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"'O'er the Gloomy Hills of Darkness'", also titled "'O'er Those Gloomy Hills of Darkness'", is a Welsh Christian hymn by William Williams Pantycelyn written in 1772. The hymn was written as a missionary hymn; there are conflicting accounts of why the hymn was written. The hymn was later published in 374 hymnals worldwide, though it was censored and altered in the United States by slaveholders for evangelising to slaves. The hymn later fell out of favour with hymn book editors in the 1960s.
There are conflicting accounts of why the hymn was written. According to one account, George Bowen was converted to Christianity through hearing a Welsh girl singing hymns. He later went to stay at Llwyn-Gwair Manor at the same time that the Welsh Methodist Association were there. While there, he met Williams and asked him to compose some verse about the Preseli Hills. "O'er the Gloomy Hills of Darkness" was written as a result of these requests. Though it is possible that this story may be correct as Llwyn-Gwair Manor and Williams' bedroom at the manor did overlook Carn Igli, in the 19th century an alternative story arose. In this version, Williams was travelling to Pontrhydyfen and composing a new missionary hymn as part of a commission from Selina Hastings, Countess of Huntingdon. Upon passing the ruins of an old Cistercian abbey and seeing the mountains he would have to cross on a stormy night, the view inspired him to write "O'er the Gloomy Hills of Darkness" for the Countess.Kirk, 100 The hymn was first written in Welsh as English was not Williams' first language so it was later translated into English by his son John Williams. This was because Williams did not know enough English to fully express the intent of the original Welsh verses in translation.
In 1836, "O'er the Gloomy hills of Darkness" was reviewed in an issue of 'The Eclectic Review'. In a remarkably snide review, the hymn, among many others, is criticised for a lack of grammatical correctness as well as a lack of rhyme in the first verse, " ...inane verbiage preferred by worthy people to the noblest compositions of sanctified genius; and to blot it out from our hymn-books would be a species of sacrilege". This was attributed to Williams' lack of English as a native language gave rise to "a stiffness apparent" in the hymn. The New York Times stated it had gained popularity because of Williams' "ease and sweetness" in his hymn writing.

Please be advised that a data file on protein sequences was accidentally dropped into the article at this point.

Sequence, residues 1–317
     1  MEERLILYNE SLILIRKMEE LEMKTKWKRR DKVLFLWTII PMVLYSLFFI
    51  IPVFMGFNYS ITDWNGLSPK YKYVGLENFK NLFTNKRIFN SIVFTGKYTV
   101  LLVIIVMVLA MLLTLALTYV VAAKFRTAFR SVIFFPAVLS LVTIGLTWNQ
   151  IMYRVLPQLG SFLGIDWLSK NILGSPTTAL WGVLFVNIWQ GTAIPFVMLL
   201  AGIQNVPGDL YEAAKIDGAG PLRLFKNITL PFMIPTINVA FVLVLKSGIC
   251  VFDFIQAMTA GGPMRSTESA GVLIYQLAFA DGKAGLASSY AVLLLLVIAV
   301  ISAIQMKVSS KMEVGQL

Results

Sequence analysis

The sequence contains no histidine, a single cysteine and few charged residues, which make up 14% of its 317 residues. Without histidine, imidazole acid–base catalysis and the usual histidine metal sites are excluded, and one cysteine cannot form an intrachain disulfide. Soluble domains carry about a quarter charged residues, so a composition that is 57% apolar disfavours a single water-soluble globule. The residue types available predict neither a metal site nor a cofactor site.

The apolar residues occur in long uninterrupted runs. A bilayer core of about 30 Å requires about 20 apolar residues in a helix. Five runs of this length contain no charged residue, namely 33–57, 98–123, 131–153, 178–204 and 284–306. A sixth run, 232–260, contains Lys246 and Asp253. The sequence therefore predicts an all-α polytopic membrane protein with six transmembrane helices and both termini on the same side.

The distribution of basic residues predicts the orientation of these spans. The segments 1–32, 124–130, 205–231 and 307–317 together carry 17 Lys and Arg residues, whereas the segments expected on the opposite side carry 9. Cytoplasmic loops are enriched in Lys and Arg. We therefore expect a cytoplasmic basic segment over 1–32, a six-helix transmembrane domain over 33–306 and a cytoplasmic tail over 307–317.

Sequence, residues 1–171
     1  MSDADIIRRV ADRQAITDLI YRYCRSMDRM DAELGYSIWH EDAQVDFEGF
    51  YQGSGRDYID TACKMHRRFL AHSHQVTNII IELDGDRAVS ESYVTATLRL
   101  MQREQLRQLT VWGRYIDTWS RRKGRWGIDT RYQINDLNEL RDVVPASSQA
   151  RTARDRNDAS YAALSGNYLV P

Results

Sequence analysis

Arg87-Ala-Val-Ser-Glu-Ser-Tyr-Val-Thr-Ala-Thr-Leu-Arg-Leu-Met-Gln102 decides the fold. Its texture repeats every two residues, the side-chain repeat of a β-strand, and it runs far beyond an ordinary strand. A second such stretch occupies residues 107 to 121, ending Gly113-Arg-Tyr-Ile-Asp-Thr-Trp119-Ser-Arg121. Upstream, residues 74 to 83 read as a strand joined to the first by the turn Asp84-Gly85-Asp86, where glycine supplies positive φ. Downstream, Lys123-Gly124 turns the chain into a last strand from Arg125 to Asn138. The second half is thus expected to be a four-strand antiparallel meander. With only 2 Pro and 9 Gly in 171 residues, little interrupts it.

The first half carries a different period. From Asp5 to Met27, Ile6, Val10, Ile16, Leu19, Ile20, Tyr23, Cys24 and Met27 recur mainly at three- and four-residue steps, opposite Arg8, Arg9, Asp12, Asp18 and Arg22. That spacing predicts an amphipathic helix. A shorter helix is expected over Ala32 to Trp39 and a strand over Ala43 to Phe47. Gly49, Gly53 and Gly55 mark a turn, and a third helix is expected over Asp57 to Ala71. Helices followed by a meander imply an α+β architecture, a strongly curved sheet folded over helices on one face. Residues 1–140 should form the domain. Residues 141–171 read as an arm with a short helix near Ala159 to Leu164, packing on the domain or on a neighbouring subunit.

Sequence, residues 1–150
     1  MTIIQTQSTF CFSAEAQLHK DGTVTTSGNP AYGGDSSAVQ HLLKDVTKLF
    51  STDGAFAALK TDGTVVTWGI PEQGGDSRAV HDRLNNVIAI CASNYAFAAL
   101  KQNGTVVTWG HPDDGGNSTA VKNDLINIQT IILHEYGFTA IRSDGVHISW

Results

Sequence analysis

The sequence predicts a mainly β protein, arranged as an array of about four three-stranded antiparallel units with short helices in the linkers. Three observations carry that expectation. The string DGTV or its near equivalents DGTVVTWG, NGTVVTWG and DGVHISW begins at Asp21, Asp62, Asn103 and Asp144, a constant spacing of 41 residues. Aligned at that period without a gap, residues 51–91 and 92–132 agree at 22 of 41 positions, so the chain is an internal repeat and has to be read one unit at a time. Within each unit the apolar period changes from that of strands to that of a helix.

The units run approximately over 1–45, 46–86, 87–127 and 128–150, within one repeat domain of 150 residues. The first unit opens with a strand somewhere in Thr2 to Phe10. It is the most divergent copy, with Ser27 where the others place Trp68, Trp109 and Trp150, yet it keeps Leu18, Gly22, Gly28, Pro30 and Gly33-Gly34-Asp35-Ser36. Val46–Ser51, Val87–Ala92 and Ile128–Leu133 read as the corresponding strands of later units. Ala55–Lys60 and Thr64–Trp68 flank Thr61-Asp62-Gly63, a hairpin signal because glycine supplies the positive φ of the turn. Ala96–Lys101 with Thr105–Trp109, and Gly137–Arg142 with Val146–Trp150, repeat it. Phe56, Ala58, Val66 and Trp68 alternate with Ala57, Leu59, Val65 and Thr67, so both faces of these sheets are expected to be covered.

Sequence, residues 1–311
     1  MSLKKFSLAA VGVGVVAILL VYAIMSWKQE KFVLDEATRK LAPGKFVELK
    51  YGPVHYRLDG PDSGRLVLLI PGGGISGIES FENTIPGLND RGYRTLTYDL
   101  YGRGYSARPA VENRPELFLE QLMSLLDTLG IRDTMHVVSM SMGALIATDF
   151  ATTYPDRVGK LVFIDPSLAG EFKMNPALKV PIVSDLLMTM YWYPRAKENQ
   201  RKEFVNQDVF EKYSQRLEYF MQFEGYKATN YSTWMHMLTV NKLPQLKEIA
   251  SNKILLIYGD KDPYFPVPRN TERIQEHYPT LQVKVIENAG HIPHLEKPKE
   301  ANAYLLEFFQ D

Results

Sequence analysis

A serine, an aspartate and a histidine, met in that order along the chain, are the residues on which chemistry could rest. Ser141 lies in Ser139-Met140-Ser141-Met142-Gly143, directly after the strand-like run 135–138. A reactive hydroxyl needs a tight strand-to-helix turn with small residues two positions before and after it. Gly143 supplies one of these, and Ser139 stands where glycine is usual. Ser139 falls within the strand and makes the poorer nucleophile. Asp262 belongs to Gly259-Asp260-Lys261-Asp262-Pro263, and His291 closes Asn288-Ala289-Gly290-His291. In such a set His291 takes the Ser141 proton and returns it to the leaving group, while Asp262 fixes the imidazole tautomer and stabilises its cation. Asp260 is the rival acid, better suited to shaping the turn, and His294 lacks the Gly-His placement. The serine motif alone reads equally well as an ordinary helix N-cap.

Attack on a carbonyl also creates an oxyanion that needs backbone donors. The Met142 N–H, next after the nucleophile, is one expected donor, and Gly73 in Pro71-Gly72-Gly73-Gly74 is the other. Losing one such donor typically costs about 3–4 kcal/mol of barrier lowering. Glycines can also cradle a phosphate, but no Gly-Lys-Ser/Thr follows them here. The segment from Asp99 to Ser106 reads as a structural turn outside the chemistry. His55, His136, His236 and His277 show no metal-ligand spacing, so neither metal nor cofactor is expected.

The second verse of the hymn begins with the lines "Let the Indian, let the negro, Let the rude barbarian see". Williams included this after hearing stories of promising missionary contact with Cherokee tribes and with slaves in the Province of Georgia.Kirk, 108 When the hymn became established in the United States, slave owners changed the line referencing "Indian" and "negro" to "Let the dark benighted pagan". The abolitionist Ebenezer Davies claimed The altered reading, I learned, prevails universally in America, except in the original version used by the Welsh congregations. Slave-holders, and the abettors of that horrid system which makes it a crime to teach a negro to read the Word of God, felt perhaps that they could not devoutly and consistently sing "Let the Indian, let the negro ... see. With its original words, the hymn 'was' understood to speak to the experience of slavery, even if in an evangelising frame, and Pantycelyn had previously written critically of the transatlantic slave trade. E. Wyn James (2007) notes that the hymn "was sung with gusto, for example, on board the ships which took former slaves from America to the colony of Sierra Leone in the 1790s, as part of the attempt by members of the Clapham Sect and others to create a homeland for freed slaves back in Africa".
In the 1850s, the Baptist Union of Great Britain dropped the hymn from usage. The reason published in the 'Baptist Magazine' stated "But the verses are too rude and unfinished to be generally accepted in modern day". In later years in the 19th century churches, including the Church of England, started to publish the hymn replacing the second verse with the American slave owner's amended version. In the early 1900s, the second verse would often be omitted altogether from hymnals.
"O'er the Gloomy Hills of Darkness" first appeared in published hymnals in 1792. Jeffrey Richards states that "William Williams's 'O'er the Gloomy Hills of Darkness' of 1772 (sung variously to Thomas Clark's 'Calcutta', by Baptists; to Henry Gauntlett's 'Triumph', in 'The Scottish Hymnal'; to Edwin Moss's 'Ulpha', in the 1982 'Presbyterian Church Praise') did not make it into 'Hymns Ancient and Modern', but it was in Bickersteth's 'Christian Psalmody' in 1833 and was still to be found complete in the 1933 Baptist Hymnal This very much set the tone for missionary hymns." After being published in 374 hymnals throughout history, in the 1960s the hymn stopped being published in all Christian hymnals. The Church of Jesus Christ of Latter-day Saints retained the hymn in their hymnals from 1927 until dropping it in 1985. This was because its members in modern times felt that the hymn connected Native Americans and black people with barbarians.
The hymn's lyrical style set the tone for future missionary hymns. "O'er the Gloomy Hills of Darkness" inspired the founder of Methodism, Charles Wesley, to write "Sun of Unclouded Righteousness" for missionaries working with "Mahometans".
The lyrics of "O'er the Gloomy Hills of Darkness" as published in 'Gloria in Excelsis: or hymns of praise to God and the lamb' in 1772.
* See Chapter 5: E. Wyn James, "'Blessed Jubil!': Slavery, Mission and the Millennial Dawn in the Work of William Williams of Pantycelyn".
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